“Our numbers were smaller than usually, but this provided for an even more powerful and personal experience. About one-third of the participants were first-timers,” said Croston, Lifeway Christian Resources’ national director of Black Church Ministries. “Many of our churches are only seeing about half of their members in live worship and some are still not open and that also impacts our numbers.”

Special activities engaged women, men, young adults, youth and children in activities targeting their interests and spiritual needs. Woman2Woman speakers were Archalena Coats, a member of the Southern Baptist Convention Executive Committee, a Florida educator and wife of Covenant Baptist Church Pastor Patrick Coats; and Elizabeth Woodson, a Bible teacher and author from Dallas. Addressing men in Man2Man sessions were Ken Felix, senior pastor of Bethel Evangelical Baptist Church in Miami Gardens, Fla., and JerQuentin Sutton, senior pastor of Lebanon Baptist Church in Westwood, N.J.

Among other Southern Baptist leaders on tap were Willie McLaurin, interim president and CEO of the SBC Executive Committee; Leo Endel, executive director of the Minnesota-Wisconsin Baptist Convention; Jamie Dew, president, New Orleans Baptist Theological Seminary; Todd Unzicker, executive director and treasurer of the Baptist State Convention of North Carolina, and Valerie Carter Smith, executive director and treasurer of the Woman’s Missionary Union of Virginia.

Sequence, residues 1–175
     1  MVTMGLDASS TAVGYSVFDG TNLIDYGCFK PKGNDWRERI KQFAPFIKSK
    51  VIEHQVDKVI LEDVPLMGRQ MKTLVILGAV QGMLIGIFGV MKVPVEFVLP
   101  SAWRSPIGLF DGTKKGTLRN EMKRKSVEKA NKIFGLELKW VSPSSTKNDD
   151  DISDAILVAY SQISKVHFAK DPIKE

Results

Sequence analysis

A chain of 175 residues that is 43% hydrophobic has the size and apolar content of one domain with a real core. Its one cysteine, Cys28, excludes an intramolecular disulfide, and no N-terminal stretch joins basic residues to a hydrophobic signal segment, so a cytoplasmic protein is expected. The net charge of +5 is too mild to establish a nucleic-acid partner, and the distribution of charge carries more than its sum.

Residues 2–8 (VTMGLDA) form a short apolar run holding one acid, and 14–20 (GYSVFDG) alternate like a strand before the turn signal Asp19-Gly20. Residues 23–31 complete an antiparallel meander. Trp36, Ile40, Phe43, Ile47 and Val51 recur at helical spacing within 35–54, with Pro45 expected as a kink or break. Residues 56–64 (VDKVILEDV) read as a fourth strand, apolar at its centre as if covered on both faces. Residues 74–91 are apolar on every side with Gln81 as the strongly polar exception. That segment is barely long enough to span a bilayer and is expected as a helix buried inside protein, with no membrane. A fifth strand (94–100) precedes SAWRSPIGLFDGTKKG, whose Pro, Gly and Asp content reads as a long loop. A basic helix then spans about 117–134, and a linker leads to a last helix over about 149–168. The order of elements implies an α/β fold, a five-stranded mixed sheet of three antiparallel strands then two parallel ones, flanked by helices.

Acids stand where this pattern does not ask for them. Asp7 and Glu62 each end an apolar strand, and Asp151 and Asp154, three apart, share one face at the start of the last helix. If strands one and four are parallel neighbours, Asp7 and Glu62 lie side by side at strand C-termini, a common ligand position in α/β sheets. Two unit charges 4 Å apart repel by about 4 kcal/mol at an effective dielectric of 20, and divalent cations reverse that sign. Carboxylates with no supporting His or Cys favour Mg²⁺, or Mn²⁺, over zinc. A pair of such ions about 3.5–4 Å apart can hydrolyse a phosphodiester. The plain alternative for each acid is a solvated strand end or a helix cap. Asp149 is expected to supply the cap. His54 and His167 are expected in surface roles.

In other evening sermons, Breonus Mitchell, lead pastor of Mount Gilead Baptist Church in Nashville, Tenn., presented Malachi 2:17-3:6 as a court case, with the Israelites as the plaintiffs waging a complaint against God.

“The Israelites have taken God to court, and they have charged God with being unfair and unfaithful. They say that the God of host has abandoned His covenant relationship with the children of Israel, because everybody around them is living their best life while the children of Israel are living their worst life,” Mitchell preached July 20.